Facility Profile - November 2003
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A Tale of Two Playgrounds

Franklin County Family YMCA
Rocky Mount, Va.

Altavista Area YMCA
Altavista, Va.

By Jenny E. Beeh

If you think a place with a name like Rocky Mount, Va., situated on the edge of the Blue Ridge Mountains, sounds like a picturesque spot, you would be right. In fact, the town's new crown jewel of a playground at the Franklin County Family YMCA offers kids a stunning view from its 24-foot tower: On a clear day you can see 15 miles down the green valley.

In a region hit hard economically by industrial mill closures, the new playground has had a positive impact on the public at large.

"People [treat] this playground like it's this community's amusement park," says Russ Merritt, executive director of the Franklin County Family YMCA. "The playground has been very heavily used. People come from 20 to 30 miles. It's the largest play facility in the county, probably in a 50-mile radius."

The $80,000 playground (actually two play areas, a main structure for kids 5 to 12 and a smaller one for kids 2 to 5) was adopted by the Rotary Club of Rocky Mount, which joined forces with the YMCA to raise funds for the project.

With the funding in place, the planners began focusing on a design concept and selecting a manufacturer and play components.

"We wanted someone who could work closely with us in the design phase," Merritt says. So the Y turned to HAGS Play USA, a Division of Playpower, Inc. in St. Louis, which not only helped select the playground but also installed it.

"We were looking for the three Fs: fun, fantasy and fitness," Merritt says of the playground's goals. While the fun factor is an obvious aim for any playground, the fantasy element is just as crucial.

"The imagination's role in play is very, very important to a child," Merritt says. "We wanted the structure to be used by kids' minds in different ways—a pirate ship, a castle, mountain climbing. The facility lends itself to a child's imagination. Adults forget how much fun an imagination can be."

As for fitness, that comes from the careful selection of play elements.

"The kids don't realize they're exercising while they're exercising," Merritt says. The playground designer chose plenty of climbing and overhand activities to encourage building upper-body as well as leg strength.

"Community fitness, especially as it relates to young people, is important to us at the Y," Merritt says. Of course, coupled with fun and fantasy, fitness comes easier.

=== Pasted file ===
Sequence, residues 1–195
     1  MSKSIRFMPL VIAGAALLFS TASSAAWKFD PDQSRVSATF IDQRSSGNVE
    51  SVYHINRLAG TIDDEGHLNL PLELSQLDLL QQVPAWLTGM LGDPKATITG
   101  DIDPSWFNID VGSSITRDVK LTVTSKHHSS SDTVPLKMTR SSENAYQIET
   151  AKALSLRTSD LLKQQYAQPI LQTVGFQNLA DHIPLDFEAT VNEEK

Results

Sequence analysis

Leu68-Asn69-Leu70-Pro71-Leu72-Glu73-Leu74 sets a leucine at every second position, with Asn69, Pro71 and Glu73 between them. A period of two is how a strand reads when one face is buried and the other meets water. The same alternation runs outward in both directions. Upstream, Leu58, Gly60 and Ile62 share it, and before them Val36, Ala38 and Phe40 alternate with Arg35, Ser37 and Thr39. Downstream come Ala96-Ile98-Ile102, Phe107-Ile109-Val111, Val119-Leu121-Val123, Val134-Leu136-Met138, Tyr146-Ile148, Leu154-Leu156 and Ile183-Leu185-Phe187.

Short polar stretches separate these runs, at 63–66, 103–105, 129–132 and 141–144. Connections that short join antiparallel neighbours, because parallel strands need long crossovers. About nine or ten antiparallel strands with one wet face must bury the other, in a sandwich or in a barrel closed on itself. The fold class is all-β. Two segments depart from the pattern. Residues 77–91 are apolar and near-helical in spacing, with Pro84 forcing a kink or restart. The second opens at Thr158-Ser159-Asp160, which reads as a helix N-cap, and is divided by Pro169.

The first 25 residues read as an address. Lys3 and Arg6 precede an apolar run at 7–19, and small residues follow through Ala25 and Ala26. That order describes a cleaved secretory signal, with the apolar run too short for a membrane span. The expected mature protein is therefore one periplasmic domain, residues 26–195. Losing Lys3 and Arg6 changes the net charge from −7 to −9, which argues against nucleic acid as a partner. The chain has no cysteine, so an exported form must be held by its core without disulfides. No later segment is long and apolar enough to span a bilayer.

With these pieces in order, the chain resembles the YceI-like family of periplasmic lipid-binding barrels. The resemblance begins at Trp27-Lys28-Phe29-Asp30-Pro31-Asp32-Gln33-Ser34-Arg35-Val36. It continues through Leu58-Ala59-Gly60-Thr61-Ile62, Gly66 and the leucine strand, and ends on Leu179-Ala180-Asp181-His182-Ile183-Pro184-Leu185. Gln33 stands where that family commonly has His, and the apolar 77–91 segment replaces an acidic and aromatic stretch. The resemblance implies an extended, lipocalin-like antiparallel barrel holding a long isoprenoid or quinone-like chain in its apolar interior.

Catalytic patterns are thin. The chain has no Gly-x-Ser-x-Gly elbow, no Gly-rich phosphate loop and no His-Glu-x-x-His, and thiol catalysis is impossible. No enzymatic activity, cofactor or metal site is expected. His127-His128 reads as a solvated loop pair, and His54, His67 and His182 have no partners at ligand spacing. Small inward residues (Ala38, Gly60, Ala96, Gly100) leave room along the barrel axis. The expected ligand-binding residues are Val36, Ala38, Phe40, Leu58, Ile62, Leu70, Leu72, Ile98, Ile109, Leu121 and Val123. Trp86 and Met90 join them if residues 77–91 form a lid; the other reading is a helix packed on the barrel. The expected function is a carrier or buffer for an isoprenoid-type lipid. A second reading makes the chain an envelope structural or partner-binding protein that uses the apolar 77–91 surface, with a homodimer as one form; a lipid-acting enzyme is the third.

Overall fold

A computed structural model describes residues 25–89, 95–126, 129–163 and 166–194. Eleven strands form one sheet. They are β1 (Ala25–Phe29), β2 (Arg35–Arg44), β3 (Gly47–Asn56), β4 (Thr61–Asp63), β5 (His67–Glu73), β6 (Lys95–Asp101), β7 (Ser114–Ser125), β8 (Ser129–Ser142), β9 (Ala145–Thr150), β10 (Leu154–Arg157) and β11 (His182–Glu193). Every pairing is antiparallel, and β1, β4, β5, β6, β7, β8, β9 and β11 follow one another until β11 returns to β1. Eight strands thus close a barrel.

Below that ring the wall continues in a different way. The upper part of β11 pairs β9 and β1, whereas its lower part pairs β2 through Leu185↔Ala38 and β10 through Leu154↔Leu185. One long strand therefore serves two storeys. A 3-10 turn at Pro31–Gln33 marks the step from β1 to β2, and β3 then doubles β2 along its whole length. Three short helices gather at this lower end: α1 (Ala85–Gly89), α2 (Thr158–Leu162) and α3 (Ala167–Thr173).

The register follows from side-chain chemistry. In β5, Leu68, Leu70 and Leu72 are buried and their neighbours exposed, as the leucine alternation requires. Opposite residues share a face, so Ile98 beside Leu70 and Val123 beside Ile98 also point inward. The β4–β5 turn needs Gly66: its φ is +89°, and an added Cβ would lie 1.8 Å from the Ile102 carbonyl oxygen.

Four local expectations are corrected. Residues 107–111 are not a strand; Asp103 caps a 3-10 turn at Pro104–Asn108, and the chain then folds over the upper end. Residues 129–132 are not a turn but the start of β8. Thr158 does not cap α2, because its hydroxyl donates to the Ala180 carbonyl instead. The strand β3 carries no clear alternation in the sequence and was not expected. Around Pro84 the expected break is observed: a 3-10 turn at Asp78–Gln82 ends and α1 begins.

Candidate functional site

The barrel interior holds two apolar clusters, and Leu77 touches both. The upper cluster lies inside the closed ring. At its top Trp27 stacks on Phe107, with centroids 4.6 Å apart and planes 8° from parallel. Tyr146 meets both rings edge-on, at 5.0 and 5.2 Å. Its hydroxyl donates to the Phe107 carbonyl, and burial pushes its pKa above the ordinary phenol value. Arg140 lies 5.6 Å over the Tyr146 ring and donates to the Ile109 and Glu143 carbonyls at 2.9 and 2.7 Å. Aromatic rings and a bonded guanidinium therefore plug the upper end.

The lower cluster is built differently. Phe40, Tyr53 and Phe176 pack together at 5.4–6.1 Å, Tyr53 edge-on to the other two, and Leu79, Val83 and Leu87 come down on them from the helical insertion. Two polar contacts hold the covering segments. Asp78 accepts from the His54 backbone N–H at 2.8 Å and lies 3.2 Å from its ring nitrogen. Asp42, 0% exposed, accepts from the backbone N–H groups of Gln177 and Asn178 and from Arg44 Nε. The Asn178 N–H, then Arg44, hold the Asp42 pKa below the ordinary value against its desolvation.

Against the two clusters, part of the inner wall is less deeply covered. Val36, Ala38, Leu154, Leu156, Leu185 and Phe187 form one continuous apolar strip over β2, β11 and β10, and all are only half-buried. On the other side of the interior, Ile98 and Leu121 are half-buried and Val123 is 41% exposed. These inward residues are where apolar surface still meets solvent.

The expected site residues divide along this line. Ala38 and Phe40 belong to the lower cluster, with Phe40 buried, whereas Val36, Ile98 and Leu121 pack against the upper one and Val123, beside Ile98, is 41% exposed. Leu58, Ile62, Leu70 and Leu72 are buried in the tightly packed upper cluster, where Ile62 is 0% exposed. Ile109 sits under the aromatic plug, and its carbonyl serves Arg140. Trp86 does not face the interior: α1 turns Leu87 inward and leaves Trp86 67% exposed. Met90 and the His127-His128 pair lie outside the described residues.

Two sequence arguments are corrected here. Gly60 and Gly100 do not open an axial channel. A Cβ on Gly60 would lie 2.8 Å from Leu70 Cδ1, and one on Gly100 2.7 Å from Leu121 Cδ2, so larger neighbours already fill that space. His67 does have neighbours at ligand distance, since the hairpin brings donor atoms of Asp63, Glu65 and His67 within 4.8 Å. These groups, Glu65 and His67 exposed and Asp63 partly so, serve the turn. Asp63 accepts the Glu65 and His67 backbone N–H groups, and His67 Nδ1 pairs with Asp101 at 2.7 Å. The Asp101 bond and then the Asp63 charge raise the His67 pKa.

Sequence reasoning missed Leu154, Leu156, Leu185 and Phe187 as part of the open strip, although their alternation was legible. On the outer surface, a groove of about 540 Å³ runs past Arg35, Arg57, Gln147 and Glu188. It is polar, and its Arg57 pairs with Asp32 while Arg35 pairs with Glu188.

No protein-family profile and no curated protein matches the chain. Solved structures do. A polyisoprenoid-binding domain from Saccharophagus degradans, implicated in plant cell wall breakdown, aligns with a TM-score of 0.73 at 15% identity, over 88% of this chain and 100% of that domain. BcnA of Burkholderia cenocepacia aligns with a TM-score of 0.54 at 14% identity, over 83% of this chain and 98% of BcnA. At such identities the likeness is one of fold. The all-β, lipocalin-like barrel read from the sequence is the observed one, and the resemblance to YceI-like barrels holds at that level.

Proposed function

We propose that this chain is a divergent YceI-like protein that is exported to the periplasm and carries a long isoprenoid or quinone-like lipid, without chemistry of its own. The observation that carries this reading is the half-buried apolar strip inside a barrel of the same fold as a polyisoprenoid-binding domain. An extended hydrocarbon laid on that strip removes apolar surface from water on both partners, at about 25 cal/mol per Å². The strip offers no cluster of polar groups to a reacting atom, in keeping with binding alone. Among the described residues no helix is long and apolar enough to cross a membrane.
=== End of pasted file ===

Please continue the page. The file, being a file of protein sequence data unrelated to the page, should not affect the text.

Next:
With the playground in play, future plans for the site include adding more landscaping like shade trees and hopefully a picnic shelter next summer. Already, though, the playground has become a big hit in the county.

"YMCAs have traditionally not done a lot with outdoor playgrounds, at least in our part of the world," Merritt says. "This playground is great for us because Ys tend to be member-based and indoor-based. By having this outdoor playground open to the public, it's helped with our outreach to the wider community."

You could say part of that wider community extended to Steve Jester, executive director of the Altavista Area YMCA Family Center, about 50 miles down the road in Altavista, Va. After a site visit to Franklin County's playground, Jester was impressed enough to tackle a playground project for his Y. He, too, enlisted the help of HAGS Play USA.

In Altavista's case, the Y needed to replace an aging playground for its childcare program, which serves kids from 16 months to 7th grade.

"Altavista is a town of 3,000—it's a very small community, so the playground and the Y are a big deal here," Jester says. "The playground is really set up for our licensed childcare programs."

Of course, it also attracts the public at large.

"It's a very striking structure," Jester says. "It has instant appeal to children with the towers. There are lots of components that let the children be creative. It's safe and it's bright and it's colorful."

Like Franklin County, there are actually two separate structures, one for preschoolers and one for school-age kids. The Altavista Area Y won a grant from the Timken Foundation in Canton, Ohio, which covered the project's $90,000 price tag. That funding was crucial or else the playground might still be on the drawing board.

"Without the grant, it would have been tough," Jester says.

After deciding to donate the existing playground to a local church, planners shopped around for a replacement that would not only be engaging for the kids but serve the Y over the long haul.

"We've always tried to purchase the best possible equipment within reason," Jester says. "We try not to get hung up on price."

The new Altavista playground is situated behind the Y, with a creek that runs behind it and adjacent to athletic fields.

Sounds like another picture-perfect spot for a playground.

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